The University of California, San Francisco (UCSF) recently conducted a survey among 18 to 25-year-olds pertaining to their smoking tendencies. The study, published in the journal Addiction Science and Clinical Practice, is divided into two phases. The initial stage involved a questionnaire specifically regarding the subjects’ cigarette smoking habits. The second part prompted participants to anonymously respond if they had smoked marijuana at any time during the last month.
The researchers discovered that a little more than two-thirds of the respondents smoked tobacco on a daily basis and that 53 percent of those smokers had also abused marijuana at some point within the last 30 days. A few characteristics were common among the individuals who smoked both substances:
- Lived in the Northeast
- From rural communities
Higher Potency Makes Marijuana Dangerous
Most young people do not realize the dangers of smoking marijuana today. The amount of THC in marijuana has skyrocketed in recent years. According to NIDA for Teens, the website designed by the National Institute on Drug Abuse to provide quality information for young people and their parents, the following is true:
“In the early 1990s, the average THC content in marijuana was about 3.74 percent. In 2013, it was almost 10 percent, and much higher in some products such as oils and other extracts… There have been reports of people seeking help in emergency rooms with symptoms, including psychosis (having false thoughts or seeing or hearing things that aren’t there), after consuming high concentrations of THC.”
Given the risks, the information derived from this study on marijuana potency is truly invaluable.
Facebook Questionnaire Obtains More Accurate Results on Teen Drug Use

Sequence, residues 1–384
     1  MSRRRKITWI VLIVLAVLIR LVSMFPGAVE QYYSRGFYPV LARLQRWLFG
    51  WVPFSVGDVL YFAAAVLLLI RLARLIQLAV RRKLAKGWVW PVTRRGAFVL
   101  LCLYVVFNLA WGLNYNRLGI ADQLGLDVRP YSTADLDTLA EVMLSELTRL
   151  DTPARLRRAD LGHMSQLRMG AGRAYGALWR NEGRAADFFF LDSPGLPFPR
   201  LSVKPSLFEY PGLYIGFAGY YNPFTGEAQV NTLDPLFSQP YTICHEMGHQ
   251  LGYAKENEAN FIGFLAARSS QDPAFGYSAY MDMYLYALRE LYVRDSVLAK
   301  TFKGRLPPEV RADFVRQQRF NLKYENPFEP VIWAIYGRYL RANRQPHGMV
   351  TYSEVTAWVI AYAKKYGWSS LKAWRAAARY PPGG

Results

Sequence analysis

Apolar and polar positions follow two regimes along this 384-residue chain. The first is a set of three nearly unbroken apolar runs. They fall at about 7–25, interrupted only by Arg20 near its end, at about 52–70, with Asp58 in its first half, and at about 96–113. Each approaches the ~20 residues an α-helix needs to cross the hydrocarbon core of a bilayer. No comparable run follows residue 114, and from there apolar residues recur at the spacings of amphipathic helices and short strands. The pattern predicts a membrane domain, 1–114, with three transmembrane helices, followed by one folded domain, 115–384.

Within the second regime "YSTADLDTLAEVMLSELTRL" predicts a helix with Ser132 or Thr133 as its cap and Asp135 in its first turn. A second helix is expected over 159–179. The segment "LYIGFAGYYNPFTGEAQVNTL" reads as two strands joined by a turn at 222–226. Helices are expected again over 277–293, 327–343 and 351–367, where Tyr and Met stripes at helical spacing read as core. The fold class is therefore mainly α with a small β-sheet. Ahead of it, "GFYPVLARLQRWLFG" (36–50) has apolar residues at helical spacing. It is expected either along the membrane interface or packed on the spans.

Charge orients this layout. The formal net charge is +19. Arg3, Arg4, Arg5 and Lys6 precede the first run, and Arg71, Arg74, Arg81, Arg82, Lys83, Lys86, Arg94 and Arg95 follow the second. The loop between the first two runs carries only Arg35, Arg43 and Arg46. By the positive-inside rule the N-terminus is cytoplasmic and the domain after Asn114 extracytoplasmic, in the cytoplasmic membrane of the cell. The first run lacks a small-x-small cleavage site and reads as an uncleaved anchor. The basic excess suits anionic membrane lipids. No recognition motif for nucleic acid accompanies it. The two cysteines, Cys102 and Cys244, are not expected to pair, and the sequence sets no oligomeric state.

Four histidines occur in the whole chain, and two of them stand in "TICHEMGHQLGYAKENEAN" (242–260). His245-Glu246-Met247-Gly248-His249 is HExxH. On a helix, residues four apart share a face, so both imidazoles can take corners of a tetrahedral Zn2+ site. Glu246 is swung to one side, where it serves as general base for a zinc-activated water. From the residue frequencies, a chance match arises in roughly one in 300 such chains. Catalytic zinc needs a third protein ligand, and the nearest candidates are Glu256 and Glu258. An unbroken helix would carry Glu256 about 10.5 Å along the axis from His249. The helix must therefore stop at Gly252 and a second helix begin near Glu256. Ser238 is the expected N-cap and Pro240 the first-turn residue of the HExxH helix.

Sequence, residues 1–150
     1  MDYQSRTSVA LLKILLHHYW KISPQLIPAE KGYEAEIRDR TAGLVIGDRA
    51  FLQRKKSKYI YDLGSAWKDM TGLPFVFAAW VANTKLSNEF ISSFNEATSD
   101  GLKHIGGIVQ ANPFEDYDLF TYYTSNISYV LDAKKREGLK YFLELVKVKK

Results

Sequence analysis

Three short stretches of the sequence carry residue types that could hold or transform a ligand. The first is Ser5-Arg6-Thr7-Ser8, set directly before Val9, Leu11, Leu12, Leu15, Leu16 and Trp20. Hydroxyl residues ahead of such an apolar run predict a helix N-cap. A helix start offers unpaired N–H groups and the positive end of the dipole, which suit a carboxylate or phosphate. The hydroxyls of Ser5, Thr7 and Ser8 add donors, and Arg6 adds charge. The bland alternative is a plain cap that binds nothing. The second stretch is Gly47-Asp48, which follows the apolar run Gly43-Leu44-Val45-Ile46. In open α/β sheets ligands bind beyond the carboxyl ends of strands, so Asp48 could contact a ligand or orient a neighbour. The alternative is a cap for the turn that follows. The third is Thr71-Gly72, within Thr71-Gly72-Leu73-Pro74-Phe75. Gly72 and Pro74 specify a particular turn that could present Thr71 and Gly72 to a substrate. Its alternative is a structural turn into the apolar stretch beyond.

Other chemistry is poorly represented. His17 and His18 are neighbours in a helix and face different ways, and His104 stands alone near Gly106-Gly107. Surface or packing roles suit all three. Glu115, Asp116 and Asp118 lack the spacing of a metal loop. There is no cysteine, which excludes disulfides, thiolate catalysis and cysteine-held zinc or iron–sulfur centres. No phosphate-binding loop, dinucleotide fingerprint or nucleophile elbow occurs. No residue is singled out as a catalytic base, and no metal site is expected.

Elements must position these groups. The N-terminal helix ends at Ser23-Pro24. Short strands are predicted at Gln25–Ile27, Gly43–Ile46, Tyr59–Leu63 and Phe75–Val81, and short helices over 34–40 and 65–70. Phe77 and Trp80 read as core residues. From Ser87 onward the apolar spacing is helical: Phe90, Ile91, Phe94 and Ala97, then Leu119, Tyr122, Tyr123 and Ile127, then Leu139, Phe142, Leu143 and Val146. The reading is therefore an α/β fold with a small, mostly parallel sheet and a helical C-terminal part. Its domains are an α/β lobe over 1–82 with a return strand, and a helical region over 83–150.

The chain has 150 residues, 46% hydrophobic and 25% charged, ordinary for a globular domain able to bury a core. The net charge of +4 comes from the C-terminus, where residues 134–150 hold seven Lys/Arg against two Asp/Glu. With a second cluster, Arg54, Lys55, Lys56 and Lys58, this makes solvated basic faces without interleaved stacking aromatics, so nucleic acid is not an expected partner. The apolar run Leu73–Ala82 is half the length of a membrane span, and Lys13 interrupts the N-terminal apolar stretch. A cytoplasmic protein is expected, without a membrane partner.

The UCSF researchers feel that the anonymity involved in their Facebook survey may have helped them obtain a more accurate understanding of the rates of both tobacco and marijuana use among young adults. The numbers were much higher than in previous studies that did not use social media. This suggests that the problem may be on a much larger scale than previously thought. It is critically important to get precise data as it is used to garner financial backing for treatment programs across the country. If the number of young people using is underestimated then the funds for rehabilitation services will also be severely lacking.
Results May Change How Treatment Is Provided to Young People
Due to the high rate of overlap between smoking cigarettes and marijuana, researchers say that brief drug screenings should become a routine part of smoking cessation services. They are also looking to the next branch of their study to expand upon their use of social media outlets. The UCSF researchers are going to attempt to bring drug counseling and support to Facebook. This new format for intervention would allow users to remain totally anonymous. Young adults are less likely to seek treatment for drug abuse, so the hope is that the ease and comfort most young people have with technology may encourage them to get the help they otherwise might ignore.
What do you think about Facebook and other social media as an avenue for drug treatment? Do you feel anonymity is conducive to recovery or a hurdle? Let us know your opinions below.